27 Nov 2010 Leave a Comment
Joel found an indoor airsoft range/play area in the Springs that he’s been wanting to go to. His friend from CAP (who is also an airsoft nut) spent the night and came with us. This place looked like trouble (or G for awesome, Joel says) from the start. Razor wire?
I think that is meant to add to the military dimension of the facility. Offerings to the gods of war, broken guns?
That’s just silly. The guy running the place had a safety briefing that went like this: Wear your face mask at all times, if you take it off – you are stupid. If you are hit, call your hits, if you don’t you are a piece of crap with no honor. If you are dead, don’t talk to your team, dead men don’t talk. Give your opponent the option of surrender, but don’t just stand there wasting time, give it and hit it. Have fun! Joel found out they could use their own ammo, which saved them $15 or so since I think they used 5,000 bb’s. Here they are gathering their stuff together.
Joel bought a moly vest and finally got to use it, he was so happy (yes, that is the happy face.)
I left the boys to shoot each other and wage a war against newbies and took the girls to an art gallery (talk about a difference!) We just wanted to see this one exhibit called ‘unwound’ where the artist used string, yarn and other rope type items.
There was also an exhibit using items bought from the Habitat for Humanity store that was interesting.
If you pass by this graffiti wall in the Springs you passed by the railroad arts depot.
There is a nice restaurant in there that we will have to try one day. We ate lunch and headed up to Manitou to tour Miramont castle.
Miramont means ‘look at the mountain’, which is kind of hard to do when you are on one.
The owner, Father Francolon, had the house built in 1895-97 on a parcel of land that was once owned by Col. Chivington (Sand creek massacre.) The Father came to Manitou for his failing health, probably not a good idea to press stamps in wallpaper that were dried with arsenic (to hold the color fast), but those crazy Victorian people did lots of weird things (might have been the lead crystal and the arsenic wallpaper.) For one thing, they used lots of architecture designs and thought a room with only 4 walls was atrocious. There aren’t many straight lines, 4 walled rooms, or balance of architecture in the castle, instead there are hexagonal (and every other kind of -agonal) rooms, angled doorways and windows, curved lines, and styles from Shingle-style Queen Anne, Romanesque, English Tudor, Flemish stepped gables, domestic Elizabethan, Venetian Ogee, Byzantine, Moorish, and half-timber Chateau, wow. The house went from home to the Father and his mother to a sanatorium for the Sisters of Mercy (arsenic wallpaper was probably not a good idea for that either.) Then in the 1940′s it was divided into apartments for returning WWII soldiers and from there fell into disrepair, so much so that the city was going to raze it. Fortunately the historical society stepped up and bought the property and began to restore it. This weekend it was decorated in Victorian Christmas attire and we had the pleasure of sitting and listening to a variety of dulcimers play Christmas music while munching on homemade cookies.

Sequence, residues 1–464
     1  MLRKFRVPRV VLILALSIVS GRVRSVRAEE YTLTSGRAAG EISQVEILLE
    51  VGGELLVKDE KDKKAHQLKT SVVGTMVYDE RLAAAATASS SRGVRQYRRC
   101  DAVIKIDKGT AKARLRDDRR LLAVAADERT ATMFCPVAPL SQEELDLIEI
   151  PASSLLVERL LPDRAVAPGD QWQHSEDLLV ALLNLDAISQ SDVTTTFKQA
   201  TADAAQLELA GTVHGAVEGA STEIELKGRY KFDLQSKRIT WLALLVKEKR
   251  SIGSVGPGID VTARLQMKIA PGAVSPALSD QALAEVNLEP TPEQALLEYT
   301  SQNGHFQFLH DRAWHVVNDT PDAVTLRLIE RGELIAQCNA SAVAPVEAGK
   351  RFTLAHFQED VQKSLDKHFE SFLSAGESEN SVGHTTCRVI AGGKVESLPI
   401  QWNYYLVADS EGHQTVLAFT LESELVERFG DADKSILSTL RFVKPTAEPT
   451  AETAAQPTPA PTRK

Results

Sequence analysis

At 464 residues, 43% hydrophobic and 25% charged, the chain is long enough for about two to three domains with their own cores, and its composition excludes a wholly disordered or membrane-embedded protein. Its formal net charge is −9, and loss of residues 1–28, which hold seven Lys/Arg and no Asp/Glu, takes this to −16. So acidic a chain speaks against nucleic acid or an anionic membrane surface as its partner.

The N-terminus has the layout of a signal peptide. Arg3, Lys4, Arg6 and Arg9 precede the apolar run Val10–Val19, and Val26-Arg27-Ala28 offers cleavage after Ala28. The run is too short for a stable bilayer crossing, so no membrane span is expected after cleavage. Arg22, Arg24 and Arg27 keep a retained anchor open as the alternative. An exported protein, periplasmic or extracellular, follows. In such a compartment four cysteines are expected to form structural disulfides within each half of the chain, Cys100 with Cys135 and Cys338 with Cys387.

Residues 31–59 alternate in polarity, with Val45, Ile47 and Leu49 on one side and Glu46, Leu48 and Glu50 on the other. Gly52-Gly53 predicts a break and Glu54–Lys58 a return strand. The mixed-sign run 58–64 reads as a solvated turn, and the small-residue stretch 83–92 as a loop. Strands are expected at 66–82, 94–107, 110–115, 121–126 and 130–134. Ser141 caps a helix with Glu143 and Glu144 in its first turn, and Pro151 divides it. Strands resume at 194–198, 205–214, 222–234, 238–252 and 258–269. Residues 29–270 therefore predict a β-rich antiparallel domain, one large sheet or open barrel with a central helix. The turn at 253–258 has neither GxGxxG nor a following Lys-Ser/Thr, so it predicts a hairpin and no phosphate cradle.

The bottom level has a miniature (dollhouse) version of Colorado Springs and the Manitou Springs fire department museum.
We came in on the carriage house level, nice door, and wound up the stairs.
We passed the parlor, sitting room, kitchenette and kitchen.
There was a little alcove room and then the chapel area.
I love this small library off the chapel, cozy.
When Father Francolon left Colorado he left the house and most of the furniture, but took most of his art collection and statuary.
Another stained glass window, going up some more stairs.
Mother’s room, and the gold leaf ceiling in the gallery area.
Moorish keyhole windows, Father’s room.
They tore down a wall in restoration and found the servants staircase and only had to replace 7 steps; 4 flights of winding stairs for servants to use and not be seen. Up some more stairs to the tower and gift shop. Some of the apartment doors remain up there and the walls are reduced to the original stone and beams.
The servant quarters were up here, but I don’t think they were too drafty. The castle had indoor plumbing, electricity and heat when it was built. We exited the tower and went outside to the garden, which is quite dead right now.
We still had about an hour to waste, so we drove to Focus on the Family and played there. We picked up Joel and Jensen and they were comparing notes on how G the site was, what they could have done better (not forget their walkie-talkies next time) and how they could start their own airsoft range. They talked for a hour and a half on the way to Cici’s about a business plan, gun rentals, square footage rental, insurance, loans, assets and debits and oh my. Also on the way to eat Jensen, who is a first responder in CAP, used his honed skills and EMS bag to treat Joel’s war wounds (with band aids.) That’s why you want to wear long sleeves. We ate pizza, dropped Jensen at home and got home just in time to take James’s call. His coffee shop, Green beans, got wi-fi and he was trying it out, it worked great. I’d like to say I went to the gym, but I’ll put that off until the morning…pizza + treadmill = yuck.